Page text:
Environmental Ethics: From Theory to Practice

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Environmental Ethics: From Theory to Practice Marion Hourdequin

Companion Website Material—Chapter 2 Companion website by Julia Liao and Marion Hourdequin

www.bloomsbury.com/uk/environmental-ethics-9781472510983 © Marion Hourdequin 2014 Environmental Ethics: From Theory to Practice. London: Bloomsbury

ENVIRONMENTAL ETHICS: FROM THEORY TO PRACTICE

Chapter Outline Chapter 2. Classical ethical theories and the environment Introduction Utilitarianism, cost–benefit analysis, and the environment Utilitarianism Cost–benefit analysis and economic valuation Critiques and alternatives: Objections to utilitarianism and cost–benefit analysis For further thought Kantian ethics and the environment Kant’s ethics: Rationality, reciprocity, and respect Limitations of Kantian ethics Extending respect For further thought Virtue ethics and the environment Aristotle’s teleological ethics Strengths, weaknesses, and contemporary developments in virtue ethics Environmental virtue ethics For further thought Conclusion Further reading

Key points Introduction ●

Normative ethical theories are concerned with questions of how we should act in the world and what makes an act right or wrong.



Although the application of normative ethical theories can be complex in the real world, they attempt to offer moral guidance or at least frameworks for thinking through moral problems.

Utilitarianism, cost–benefit analysis, and the environment ●

Consequentialists believe that only the consequences of an action matter morally.

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COMPANION WEBSITE MATERIAL—CHAPTER 2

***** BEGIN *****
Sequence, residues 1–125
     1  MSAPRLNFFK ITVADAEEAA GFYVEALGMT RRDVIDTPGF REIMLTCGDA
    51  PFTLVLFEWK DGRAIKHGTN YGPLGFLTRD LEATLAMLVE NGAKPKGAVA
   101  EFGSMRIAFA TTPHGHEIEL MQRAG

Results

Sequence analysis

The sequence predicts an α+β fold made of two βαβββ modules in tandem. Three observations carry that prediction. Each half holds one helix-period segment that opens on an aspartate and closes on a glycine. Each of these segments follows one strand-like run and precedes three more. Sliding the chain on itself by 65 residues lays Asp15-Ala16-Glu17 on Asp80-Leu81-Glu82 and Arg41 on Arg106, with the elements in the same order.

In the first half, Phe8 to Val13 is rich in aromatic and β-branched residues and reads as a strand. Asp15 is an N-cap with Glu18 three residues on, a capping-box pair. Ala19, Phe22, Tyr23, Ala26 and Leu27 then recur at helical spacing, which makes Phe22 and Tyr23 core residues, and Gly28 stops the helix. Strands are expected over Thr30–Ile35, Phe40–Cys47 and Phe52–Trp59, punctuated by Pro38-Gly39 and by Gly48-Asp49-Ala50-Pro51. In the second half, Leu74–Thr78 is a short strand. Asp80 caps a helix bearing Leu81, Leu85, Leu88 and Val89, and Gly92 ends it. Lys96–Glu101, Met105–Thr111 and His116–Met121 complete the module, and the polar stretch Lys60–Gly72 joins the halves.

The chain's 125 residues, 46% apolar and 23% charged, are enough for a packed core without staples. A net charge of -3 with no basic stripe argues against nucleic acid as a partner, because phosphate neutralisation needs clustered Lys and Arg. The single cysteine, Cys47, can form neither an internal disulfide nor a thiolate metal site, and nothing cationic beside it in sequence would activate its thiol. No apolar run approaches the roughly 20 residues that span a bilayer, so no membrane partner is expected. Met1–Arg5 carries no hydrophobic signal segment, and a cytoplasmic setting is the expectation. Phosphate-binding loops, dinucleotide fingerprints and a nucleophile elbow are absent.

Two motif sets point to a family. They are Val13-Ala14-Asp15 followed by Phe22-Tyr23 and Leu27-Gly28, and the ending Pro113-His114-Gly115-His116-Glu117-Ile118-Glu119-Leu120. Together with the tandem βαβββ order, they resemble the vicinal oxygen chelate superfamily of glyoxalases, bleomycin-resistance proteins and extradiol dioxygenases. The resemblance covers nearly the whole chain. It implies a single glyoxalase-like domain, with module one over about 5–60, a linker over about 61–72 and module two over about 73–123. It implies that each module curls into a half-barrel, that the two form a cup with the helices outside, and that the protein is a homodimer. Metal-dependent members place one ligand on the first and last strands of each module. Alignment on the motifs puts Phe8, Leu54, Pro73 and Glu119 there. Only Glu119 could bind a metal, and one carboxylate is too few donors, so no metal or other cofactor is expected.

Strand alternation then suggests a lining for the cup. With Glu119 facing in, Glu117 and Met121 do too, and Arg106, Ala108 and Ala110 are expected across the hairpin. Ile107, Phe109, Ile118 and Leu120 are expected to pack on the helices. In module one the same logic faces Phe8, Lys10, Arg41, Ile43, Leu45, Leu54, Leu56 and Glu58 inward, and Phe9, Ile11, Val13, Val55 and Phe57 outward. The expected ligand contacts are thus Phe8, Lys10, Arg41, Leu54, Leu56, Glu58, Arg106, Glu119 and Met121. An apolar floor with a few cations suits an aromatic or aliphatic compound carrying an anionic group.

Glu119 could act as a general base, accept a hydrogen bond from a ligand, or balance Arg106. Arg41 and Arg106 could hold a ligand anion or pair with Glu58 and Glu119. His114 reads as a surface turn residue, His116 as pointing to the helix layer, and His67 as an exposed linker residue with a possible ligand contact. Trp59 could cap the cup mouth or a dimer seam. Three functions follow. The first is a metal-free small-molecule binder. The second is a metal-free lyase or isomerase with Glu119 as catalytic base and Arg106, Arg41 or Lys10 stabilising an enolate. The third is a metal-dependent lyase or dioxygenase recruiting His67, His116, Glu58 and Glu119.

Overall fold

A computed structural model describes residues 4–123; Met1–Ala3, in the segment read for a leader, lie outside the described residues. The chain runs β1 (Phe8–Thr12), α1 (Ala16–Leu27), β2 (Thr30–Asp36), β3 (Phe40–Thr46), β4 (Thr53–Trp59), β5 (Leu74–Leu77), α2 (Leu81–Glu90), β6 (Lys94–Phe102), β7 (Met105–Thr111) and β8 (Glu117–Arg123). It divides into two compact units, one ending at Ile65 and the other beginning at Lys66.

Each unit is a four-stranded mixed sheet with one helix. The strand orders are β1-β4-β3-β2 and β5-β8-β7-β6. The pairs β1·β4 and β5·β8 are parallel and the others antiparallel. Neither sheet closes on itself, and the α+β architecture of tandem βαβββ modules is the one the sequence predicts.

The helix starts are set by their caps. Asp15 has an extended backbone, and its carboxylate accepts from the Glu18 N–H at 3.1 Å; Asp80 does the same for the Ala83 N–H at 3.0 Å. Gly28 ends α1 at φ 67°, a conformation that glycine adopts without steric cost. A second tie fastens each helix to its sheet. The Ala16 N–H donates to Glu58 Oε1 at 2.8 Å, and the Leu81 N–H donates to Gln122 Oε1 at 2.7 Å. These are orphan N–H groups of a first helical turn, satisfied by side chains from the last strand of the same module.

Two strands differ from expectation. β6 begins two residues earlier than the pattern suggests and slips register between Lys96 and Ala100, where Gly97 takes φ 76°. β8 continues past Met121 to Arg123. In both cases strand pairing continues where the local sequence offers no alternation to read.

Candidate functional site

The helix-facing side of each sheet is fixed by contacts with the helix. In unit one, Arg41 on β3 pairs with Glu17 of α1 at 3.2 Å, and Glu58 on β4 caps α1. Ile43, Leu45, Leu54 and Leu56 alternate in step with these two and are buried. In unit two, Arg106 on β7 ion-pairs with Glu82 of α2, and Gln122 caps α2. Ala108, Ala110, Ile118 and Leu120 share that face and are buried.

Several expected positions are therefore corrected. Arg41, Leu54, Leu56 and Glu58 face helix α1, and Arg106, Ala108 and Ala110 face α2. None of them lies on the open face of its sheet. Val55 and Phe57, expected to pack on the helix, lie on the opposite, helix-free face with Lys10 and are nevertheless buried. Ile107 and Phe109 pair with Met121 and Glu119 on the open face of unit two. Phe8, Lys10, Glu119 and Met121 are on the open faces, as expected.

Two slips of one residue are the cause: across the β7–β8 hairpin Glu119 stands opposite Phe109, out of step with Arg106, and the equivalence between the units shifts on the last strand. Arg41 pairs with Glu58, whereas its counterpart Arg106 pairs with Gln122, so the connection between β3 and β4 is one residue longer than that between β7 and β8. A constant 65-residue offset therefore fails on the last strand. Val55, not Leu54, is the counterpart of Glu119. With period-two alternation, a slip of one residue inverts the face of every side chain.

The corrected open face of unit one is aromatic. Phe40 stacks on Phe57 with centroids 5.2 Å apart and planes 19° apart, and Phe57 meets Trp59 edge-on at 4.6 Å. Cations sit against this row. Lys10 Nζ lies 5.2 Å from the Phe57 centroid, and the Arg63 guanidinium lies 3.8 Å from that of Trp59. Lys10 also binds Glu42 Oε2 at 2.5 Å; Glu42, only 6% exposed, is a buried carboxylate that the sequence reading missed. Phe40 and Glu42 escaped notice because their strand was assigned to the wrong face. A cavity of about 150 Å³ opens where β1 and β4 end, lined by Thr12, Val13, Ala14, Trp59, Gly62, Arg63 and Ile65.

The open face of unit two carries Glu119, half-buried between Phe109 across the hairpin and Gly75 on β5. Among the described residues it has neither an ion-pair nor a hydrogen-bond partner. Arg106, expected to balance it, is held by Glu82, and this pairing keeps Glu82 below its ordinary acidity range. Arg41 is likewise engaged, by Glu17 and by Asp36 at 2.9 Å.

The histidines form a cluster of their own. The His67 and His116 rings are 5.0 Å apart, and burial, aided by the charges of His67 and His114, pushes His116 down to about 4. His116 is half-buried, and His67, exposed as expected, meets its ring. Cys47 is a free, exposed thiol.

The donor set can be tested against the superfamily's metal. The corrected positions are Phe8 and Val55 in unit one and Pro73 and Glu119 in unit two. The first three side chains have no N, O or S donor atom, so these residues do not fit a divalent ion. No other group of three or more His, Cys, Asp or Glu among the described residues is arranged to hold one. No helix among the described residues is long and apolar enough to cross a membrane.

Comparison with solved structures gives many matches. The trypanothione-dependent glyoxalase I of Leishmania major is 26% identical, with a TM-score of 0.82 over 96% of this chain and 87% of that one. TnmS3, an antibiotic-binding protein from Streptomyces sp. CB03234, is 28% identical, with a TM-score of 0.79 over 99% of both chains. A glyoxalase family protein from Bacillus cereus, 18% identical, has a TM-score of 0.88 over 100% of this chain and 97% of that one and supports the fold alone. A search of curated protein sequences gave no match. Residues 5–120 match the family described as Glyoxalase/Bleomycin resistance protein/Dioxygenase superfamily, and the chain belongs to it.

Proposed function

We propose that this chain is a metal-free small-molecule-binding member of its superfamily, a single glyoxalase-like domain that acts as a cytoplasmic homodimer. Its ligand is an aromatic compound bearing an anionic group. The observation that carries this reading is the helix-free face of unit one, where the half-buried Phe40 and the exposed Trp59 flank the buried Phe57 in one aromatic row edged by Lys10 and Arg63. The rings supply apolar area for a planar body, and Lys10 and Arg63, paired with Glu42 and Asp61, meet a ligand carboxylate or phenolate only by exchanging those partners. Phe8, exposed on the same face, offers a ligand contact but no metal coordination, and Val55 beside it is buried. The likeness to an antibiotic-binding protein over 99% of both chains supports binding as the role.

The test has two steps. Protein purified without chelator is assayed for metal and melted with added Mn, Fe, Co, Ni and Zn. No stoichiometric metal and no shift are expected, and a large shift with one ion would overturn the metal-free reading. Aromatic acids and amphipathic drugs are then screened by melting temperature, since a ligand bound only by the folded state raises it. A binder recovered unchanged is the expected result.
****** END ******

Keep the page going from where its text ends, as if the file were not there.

Utilitarianism is a form of consequentialism. Utilitarians believe that the morally right action is that which maximizes utility.



Jeremy Bentham’s hedonistic utilitarianism defines utility as the presence of pleasure and the absence of pain. In contrast, preference utilitarianism defines utility as the satisfaction of preferences.



Utilitarianism has a number of key strengths: (a) Utilitarianism accounts well for the common intuition that consequences matter in ethics; (b) utilitarianism is theoretically simple, with just one prescription, to maximize utility; (c) utilitarianism brings all values together on a single scale, so they can be aggregated and weighed against one another; (d) because it considers the pains and pleasures of all those affected by our actions, classical utilitarianism holds that we must take account of the pain and pleasure of all sentient beings, including nonhuman animals; and (e) utilitarianism translates easily into a decision-making procedure: cost–benefit analysis (CBA).



CBA parallels utilitarianism because it compares policies and actions by adding up their costs and benefits. CBA provides a systematic way to make decisions about environmental actions and policies.



CBA often uses hedonic pricing and contingent valuation to determine the benefits of nonmarket goods. Hedonic pricing compares the costs of items that are similar except in relation to the feature being priced, and uses the price differential between the items to put a price on the feature. Contingent valuation uses surveys to assess how much people would be willing to pay for the nonmarket good being priced.



Utilitarianism is subject to a number of critiques: (a) No action is ruled out in principle, as long as it maximizes utility; (b) utilitarianism does not take distribution directly into account; (c) utilitarianism suffers from epistemic problems because it is difficult to predict all of the effects of a particular action on overall utility; (d) utilitarianism is problematic in its attempt to aggregate diverse goods on a single scale; (e) not every preference (or pleasure) deserves equal consideration.



A parallel set of criticisms applies to CBA.